Monday’s post gave some resources for investing your self-directed retirement funds in your community. Being mindful of where you spend your consumer dollars is another, more common, and easier way to support your community and align your money with your values.
Covid-19 was the prompt that first redirected my attention to supporting local economies, and even before the police murder of George Floyd sparked a human rights war (in the words of Nenna Joiner, founder of Feelmore Adult in Oakland and Berkeley), the effects on small businesses were racially inflected.
I know when these types of things happen, it tends to hit us, black people, the hardest, but it also hits our black-owned businesses the hardest, because we don’t have access to as many funding opportunities as other businesses do. So this is the time to really step up and support your small black-owned businesses.
—Tomara Watkins, founder of Loza Tam
Here are some resources to help you target your consumer dollars to Black communities and Black-owned businesses.
Choosing where to bank means choosing who gets to hold, and use, your money while you are not using it. Banking can be a powerful complement to both consumption and investment. Your checking or savings account at Wells Fargo has funded private prisons and immigrant detention centers and enabled residential redlining and racially based predatory lending. Park your money with an institution that serves your community instead.
Bookshop.org is an Amazon competitor in book distribution and affiliate sales. Basically, they allow any local bookshop to host a fully stocked online shop, and they pay part of the proceeds back to the book store. On this blog, I have chosen not to participate in the affiliate program but to direct your dollars to Uncle Bobbie’s Coffee & Books instead.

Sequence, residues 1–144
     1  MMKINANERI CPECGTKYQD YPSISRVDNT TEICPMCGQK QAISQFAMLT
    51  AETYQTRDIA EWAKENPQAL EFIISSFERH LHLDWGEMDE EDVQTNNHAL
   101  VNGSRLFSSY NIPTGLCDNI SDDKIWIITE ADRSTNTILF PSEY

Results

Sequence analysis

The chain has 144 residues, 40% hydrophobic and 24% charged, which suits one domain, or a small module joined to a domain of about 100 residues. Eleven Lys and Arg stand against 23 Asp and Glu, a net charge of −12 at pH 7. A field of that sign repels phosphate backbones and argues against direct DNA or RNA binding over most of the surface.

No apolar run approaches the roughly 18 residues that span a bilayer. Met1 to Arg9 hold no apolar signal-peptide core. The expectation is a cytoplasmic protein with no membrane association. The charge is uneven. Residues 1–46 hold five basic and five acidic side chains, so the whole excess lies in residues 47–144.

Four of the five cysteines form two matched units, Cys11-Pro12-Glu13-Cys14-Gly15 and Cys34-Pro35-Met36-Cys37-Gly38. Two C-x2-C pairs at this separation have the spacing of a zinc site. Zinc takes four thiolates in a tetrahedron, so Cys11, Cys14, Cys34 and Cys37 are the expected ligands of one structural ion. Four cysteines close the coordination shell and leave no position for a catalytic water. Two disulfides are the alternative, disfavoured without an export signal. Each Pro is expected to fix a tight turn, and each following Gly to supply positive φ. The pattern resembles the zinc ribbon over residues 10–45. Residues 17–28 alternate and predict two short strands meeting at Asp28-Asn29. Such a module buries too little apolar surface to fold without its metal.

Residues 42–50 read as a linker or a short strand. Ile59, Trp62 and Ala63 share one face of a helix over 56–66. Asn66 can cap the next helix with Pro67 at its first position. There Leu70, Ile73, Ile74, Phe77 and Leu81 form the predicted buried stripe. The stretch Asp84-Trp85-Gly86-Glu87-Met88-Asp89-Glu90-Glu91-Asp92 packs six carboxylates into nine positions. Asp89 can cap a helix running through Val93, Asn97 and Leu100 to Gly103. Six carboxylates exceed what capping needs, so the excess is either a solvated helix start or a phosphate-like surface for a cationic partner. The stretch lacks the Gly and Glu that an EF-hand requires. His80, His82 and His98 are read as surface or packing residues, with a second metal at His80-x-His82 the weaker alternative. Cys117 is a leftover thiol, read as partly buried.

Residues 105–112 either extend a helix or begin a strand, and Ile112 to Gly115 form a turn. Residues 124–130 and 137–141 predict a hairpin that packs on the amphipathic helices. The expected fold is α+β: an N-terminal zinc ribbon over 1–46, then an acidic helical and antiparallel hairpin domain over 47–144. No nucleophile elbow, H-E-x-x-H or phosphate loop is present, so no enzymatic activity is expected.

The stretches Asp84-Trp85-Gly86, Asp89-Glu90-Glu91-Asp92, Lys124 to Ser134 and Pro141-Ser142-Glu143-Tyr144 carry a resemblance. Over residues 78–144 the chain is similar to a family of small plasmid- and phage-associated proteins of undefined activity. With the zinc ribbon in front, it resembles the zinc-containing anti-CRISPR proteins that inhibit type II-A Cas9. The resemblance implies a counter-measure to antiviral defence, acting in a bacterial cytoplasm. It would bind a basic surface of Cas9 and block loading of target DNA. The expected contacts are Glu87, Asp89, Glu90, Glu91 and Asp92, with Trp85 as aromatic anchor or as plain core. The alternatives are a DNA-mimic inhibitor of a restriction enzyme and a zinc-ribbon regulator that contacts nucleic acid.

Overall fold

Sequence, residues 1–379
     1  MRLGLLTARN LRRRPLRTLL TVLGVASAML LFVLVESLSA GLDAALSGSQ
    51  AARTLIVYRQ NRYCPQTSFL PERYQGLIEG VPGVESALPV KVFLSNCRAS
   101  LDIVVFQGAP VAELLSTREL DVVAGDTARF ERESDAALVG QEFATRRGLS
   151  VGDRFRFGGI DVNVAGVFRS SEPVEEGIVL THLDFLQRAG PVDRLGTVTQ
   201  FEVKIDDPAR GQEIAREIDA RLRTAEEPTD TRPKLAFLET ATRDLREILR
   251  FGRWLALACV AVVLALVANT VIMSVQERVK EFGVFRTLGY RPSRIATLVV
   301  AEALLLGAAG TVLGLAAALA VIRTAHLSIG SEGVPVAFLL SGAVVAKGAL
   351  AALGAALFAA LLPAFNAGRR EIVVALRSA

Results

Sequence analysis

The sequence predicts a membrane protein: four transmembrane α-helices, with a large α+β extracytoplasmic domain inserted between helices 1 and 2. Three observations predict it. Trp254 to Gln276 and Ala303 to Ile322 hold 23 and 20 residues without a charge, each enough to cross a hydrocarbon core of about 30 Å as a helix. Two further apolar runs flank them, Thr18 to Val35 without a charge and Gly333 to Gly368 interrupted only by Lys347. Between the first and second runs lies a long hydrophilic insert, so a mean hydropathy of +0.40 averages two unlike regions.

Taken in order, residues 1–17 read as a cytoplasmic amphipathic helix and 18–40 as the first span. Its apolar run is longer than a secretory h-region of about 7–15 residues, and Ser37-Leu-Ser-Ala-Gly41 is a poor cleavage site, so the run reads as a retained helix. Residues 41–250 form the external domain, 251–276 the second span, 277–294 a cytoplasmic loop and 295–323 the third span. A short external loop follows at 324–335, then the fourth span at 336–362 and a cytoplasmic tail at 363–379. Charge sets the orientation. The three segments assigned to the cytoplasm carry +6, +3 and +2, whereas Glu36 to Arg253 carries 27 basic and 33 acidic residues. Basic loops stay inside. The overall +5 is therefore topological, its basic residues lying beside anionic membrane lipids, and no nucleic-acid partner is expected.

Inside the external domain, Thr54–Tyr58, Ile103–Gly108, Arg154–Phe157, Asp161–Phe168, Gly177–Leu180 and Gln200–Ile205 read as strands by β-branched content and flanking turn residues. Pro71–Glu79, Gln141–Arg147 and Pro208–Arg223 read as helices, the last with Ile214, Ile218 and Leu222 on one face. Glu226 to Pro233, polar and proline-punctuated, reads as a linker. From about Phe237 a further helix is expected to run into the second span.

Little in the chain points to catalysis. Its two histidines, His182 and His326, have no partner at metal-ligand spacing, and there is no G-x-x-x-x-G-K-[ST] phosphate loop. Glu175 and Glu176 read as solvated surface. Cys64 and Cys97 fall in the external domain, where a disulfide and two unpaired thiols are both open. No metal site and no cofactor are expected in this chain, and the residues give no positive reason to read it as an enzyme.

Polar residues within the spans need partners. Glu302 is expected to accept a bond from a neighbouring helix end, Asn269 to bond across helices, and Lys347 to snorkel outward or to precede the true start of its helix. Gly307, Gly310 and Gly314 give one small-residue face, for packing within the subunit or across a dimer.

Bookshop.org sells physical, ebook, and audiobook editions. Ebooks are through My Must Reads, and audiobooks through Libro.fm. I was new to My Must Reads, and it required a new password and a new mobile app, but after that it’s seamless.
To shop locally, check out Travel Noire’s 50 in 50: Black-Owned Bookstores Across America.
If you need inspiration for what to read, Uncle Bobbie’s home page features reading lists on Policing and Mass Incarceration; How to Be an Ally; and Race, Protests, and Activism. Or check out Layla F Saad‘s five-book reading list (click through for details):
- When They Call You a Terrorist by Black Lives Matter co-founder Patrisse Cullors and asha bandele
- Sister Outsider by Audre Lorde
- So You Want to Talk About Race by Ijeoma Oluo
- Road Map for Revolutionaries by Elisa Camahort Page, Carolyn Gerin, and Jamia Wilson
- Me and White Supremacy by Layla F Saad
- I recently featured Du Nord Craft Spirits in Minneapolis for their fundraising to help other local, POC-owned businesses rebuild.
- Instagram’s Rehabilitated Wine Snob has recently shared several lists of Black-owned wineries and other drinks professionals.
Regardless of your race, if your hair is curly, you’ll benefit by consulting the wisdom of the natural hair community.
- Grace Eleyae, Loza Tam, and Phoebe Luna for satin caps, turbans, headbands, scrunchies, scarves, and pillowcases
- the Puff Cuff to restrain your ponytail, bun, or puffs without crushing their curl
- and the Puff Cuff’s list of curly care companies that are actually Black-owned
Not targeted consumption, exactly, individual reparations allow you to direct your disposable income to Black people with specific needs. I have seen, and contributed to, a lot of direct giving exchanges through PayPal, Venmo, and Cash App in the last few weeks. Here are two sites that make the process a little more formalized and specific.
- DJ Freedem‘s Underground Plant Trade facilitates reparations in the form of locally exchanged plants.
- Soul Fire Farm in Petersburg, NY hosts a Reparations Map connecting the needs of Black and Indigenous farmers with people who can fulfill them.
Sex Toys and Supplies
The aforementioned Feelmore Adult ships across the US and to Canada.
- Noirbnb is an AirBnB alternative that is committed to providing “safe and stress-free travel for the African Diaspora.”
- Travel Noire regularly features Black-owned businesses.
I’ll admit that I still default to Amazon or Target more than I would like. I’m the kind of online shopper who is usually looking for something specific that I’d prefer to have delivered. I’m not much of an online browser. If you are though:
- the Buy Black Movement Store
- Etsy’s highlighted Black-owned shops
- Official Black Wall Street’s Black-owned business directory (searchable by location)
- We Buy Black
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